UTO : Cashmere Library : Facts about Cashmere and Knit

About Knitting

What Is Knitwear?

A sweater is knitwear, and T-shirts and cut and sews are also knitwear. Socks and gloves are knitwear, too. Dress shirts, skirts, pants, and coats usually are not. They are made with woven fabrics.

Knitted fabric is material with interlaced loops. These loops can easily be stretched in different directions, giving knit fabrics much more elasticity than woven fabrics.

Woven fabric, on the other hand, is made by interlacing two or more threads at right angles to one another on a warp and a weft.

Knitting History

Knitting is believed to have originated in the Middle East with Arabian nomads. Shepherd boys may have knitted their sheep’s hair while watching the flock. It sounds like a very peaceful pastoral life. But was knitting done by men? It is said that knitting was a male-only occupation in the past.

Knitting is done primarily by hand. Hand-knitting creates stitches using 2 needles and extends rows horizontally. This process is mechanized in flat knitting machines. Needles are aligned straight and work like hand-knitting needles. Most sweaters are knitted this way.

Various Stitches

There are many knitting stitches, but the plain stitch and the rib stitch are the most basic styles. A plain stitch has a front and back side with different patterns. Front side stitches are aligned vertically and have a finer texture. Especially with cashmere’s smaller gauge, aligning the stitches evenly is important. The back side stitches are horizontally aligned and look more casual. Sonia Rykiel favored the back side stitch, and much of her iconic striped knitwear uses the back side of a plain stitch.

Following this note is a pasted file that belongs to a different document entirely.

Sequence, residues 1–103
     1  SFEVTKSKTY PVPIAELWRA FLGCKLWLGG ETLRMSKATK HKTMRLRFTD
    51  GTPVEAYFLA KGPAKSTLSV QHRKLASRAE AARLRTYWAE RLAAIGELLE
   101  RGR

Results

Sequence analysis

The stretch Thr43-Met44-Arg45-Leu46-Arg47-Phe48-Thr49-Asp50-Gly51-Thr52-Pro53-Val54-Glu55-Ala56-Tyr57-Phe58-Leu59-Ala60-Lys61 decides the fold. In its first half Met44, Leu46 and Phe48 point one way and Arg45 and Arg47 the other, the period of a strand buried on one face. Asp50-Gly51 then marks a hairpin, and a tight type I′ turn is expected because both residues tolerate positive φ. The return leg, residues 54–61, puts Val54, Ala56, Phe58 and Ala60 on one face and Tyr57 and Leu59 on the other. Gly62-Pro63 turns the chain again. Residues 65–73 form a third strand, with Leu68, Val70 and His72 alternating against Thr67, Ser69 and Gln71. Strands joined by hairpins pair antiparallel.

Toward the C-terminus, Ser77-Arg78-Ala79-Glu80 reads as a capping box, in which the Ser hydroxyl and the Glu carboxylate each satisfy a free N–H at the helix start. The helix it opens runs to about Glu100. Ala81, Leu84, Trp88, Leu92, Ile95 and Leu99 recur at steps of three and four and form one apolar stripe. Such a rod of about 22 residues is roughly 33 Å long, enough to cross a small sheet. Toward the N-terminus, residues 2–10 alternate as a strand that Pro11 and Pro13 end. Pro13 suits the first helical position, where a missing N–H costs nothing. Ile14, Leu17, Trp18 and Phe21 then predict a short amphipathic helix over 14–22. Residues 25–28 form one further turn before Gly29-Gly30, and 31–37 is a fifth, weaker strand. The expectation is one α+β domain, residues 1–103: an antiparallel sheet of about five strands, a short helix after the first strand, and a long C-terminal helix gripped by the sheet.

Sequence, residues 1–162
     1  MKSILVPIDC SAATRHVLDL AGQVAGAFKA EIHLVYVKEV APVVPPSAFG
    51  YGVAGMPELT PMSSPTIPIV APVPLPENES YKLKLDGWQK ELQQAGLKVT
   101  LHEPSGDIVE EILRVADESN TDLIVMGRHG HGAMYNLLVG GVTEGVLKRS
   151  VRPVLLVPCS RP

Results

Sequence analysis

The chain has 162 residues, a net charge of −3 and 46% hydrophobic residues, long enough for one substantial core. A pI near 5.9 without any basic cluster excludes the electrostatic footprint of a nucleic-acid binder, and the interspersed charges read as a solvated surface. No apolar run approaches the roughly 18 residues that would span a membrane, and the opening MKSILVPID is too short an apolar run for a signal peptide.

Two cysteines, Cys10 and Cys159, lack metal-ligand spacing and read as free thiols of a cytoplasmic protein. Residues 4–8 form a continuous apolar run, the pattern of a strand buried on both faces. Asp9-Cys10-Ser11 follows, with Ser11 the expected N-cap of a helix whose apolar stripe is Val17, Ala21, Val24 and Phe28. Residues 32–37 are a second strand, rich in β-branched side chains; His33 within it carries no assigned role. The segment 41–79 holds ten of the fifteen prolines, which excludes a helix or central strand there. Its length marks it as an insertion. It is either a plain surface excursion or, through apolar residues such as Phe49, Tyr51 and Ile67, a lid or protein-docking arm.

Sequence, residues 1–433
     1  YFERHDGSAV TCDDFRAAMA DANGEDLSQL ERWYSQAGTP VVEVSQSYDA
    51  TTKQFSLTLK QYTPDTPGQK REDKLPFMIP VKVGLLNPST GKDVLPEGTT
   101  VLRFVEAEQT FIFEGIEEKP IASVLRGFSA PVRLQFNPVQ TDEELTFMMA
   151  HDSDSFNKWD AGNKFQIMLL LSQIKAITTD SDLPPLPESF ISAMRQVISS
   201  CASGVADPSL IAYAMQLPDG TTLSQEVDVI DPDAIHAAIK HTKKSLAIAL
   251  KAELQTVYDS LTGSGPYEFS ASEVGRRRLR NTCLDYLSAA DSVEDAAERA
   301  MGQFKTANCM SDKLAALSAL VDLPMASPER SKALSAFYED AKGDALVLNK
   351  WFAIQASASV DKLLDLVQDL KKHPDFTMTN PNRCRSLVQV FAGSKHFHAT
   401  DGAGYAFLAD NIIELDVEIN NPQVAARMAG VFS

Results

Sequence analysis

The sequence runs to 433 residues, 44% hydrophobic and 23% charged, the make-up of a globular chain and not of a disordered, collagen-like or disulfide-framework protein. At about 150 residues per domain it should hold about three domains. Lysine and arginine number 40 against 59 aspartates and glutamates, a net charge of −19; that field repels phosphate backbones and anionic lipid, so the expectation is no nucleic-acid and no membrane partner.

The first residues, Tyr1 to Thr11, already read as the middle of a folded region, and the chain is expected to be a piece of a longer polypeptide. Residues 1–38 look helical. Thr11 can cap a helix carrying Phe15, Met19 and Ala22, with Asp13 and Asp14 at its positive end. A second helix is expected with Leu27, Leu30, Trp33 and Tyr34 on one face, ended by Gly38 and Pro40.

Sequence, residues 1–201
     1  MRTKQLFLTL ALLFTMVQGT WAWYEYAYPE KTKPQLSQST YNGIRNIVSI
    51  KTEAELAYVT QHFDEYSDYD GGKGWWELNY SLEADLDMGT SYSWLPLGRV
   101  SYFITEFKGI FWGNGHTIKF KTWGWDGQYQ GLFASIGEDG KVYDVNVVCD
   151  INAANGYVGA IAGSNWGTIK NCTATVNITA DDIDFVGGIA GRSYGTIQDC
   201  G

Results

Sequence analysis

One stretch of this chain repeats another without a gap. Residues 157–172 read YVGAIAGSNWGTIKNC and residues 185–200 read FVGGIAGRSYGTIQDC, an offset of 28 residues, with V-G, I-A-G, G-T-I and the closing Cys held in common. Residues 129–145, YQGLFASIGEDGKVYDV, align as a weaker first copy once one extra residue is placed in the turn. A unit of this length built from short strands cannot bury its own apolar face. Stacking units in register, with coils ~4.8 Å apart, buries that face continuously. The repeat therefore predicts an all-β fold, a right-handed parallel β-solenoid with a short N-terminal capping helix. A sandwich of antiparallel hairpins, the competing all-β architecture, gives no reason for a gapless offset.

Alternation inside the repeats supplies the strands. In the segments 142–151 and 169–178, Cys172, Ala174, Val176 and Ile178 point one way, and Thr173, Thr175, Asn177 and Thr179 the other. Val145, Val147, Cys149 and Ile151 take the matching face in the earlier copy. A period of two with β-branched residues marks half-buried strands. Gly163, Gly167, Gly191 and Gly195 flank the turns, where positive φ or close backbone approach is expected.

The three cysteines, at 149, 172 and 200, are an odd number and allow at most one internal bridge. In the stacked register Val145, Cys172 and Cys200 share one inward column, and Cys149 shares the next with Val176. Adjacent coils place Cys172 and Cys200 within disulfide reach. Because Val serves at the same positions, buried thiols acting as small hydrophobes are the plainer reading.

The edges of plain-stitched fabric tend to curl. Sweaters have cuffs and hems, so it does not show much, but it is clear that freshly knitted fabric edges laid on a flat surface start to bend from both sides. Un-cuffed sleeves and unhemmed sweaters are those without a rib knit cuff or double knitted hems, and these techniques are often utilized as a unique design.

Rib knitting uses flexible and stretchy stitches for hems and cuffs. Many traditional sweaters are knitted with rib and plain stitches. An “ordinary” sweater usually features this combination. Collars are often knitted with rib stitches. Rib stitches are especially perfect for turtlenecks, giving the sweater’s neck flexibility to allow the head to go through and then contracting back to fit the neck.

There are many patterns for rib knitting. 1x1, 3x3, or any combination of knits and purls is possible, giving a variety of texture and flexibility. The larger the number is, the less flexibility. Full needle ribbing, which uses all the needles on the front and back parts of the machine, is also available. When you look at the stitches of your sweater, you will find bumps and dents (knits and purls). The difference between 1x1 and 3x3 is easy to see, but 2x1 and 2x2 are hard to distinguish from each other. But if you aren’t a knitter yourself, you don’t have to worry too much about it.

 

Another stitch used for cuffs and hems is the double stitch, or double knitting. Double knitting, as the name suggests, creates two layers of fabric, like a bag. This can be done professionally only with special machines; it cannot be done by hand or with machines at home. It is used in place of rib knitting, and its stitches are fine and aligned evenly, making it look cleaner. Our core products use double knitting for cuffs and hems, so if you wear your sweater under a jacket, it will not be bumpy.

Other stitches include the cardigan rib stitch, cable stitch with twists, and lace knitting. Intarsia and jacquard can express various colors and patterns. An infinite number of presentations are possible by combining different stitches.